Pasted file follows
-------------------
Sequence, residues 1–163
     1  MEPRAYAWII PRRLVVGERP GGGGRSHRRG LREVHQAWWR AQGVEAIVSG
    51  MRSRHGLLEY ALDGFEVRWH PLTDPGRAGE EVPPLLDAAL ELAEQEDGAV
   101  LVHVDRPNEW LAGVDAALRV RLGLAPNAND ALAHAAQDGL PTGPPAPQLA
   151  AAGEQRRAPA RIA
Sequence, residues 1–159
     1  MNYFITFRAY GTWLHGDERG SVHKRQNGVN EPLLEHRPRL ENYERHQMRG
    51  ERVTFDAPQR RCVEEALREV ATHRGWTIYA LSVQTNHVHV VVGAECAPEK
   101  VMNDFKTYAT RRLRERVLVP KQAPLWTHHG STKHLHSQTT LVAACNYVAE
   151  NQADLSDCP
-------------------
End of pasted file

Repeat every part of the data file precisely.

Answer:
Sequence, residues 1–163
     1  MEPRAYAWII PRRLVVGERP GGGGRSHRRG LREVHQAWWR AQGVEAIVSG
    51  MRSRHGLLEY ALDGFEVRWH PLTDPGRAGE EVPPLLDAAL ELAEQEDGAV
   101  LVHVDRPNEW LAGVDAALRV RLGLAPNAND ALAHAAQDGL PTGPPAPQLA
   151  AAGEQRRAPA RIA
Sequence, residues 1–159
     1  MNYFITFRAY GTWLHGDERG SVHKRQNGVN EPLLEHRPRL ENYERHQMRG
    51  ERVTFDAPQR RCVEEALREV ATHRGWTIYA LSVQTNHVHV VVGAECAPEK
   101  VMNDFKTYAT RRLRERVLVP KQAPLWTHHG STKHLHSQTT LVAACNYVAE
   151  NQADLSDCP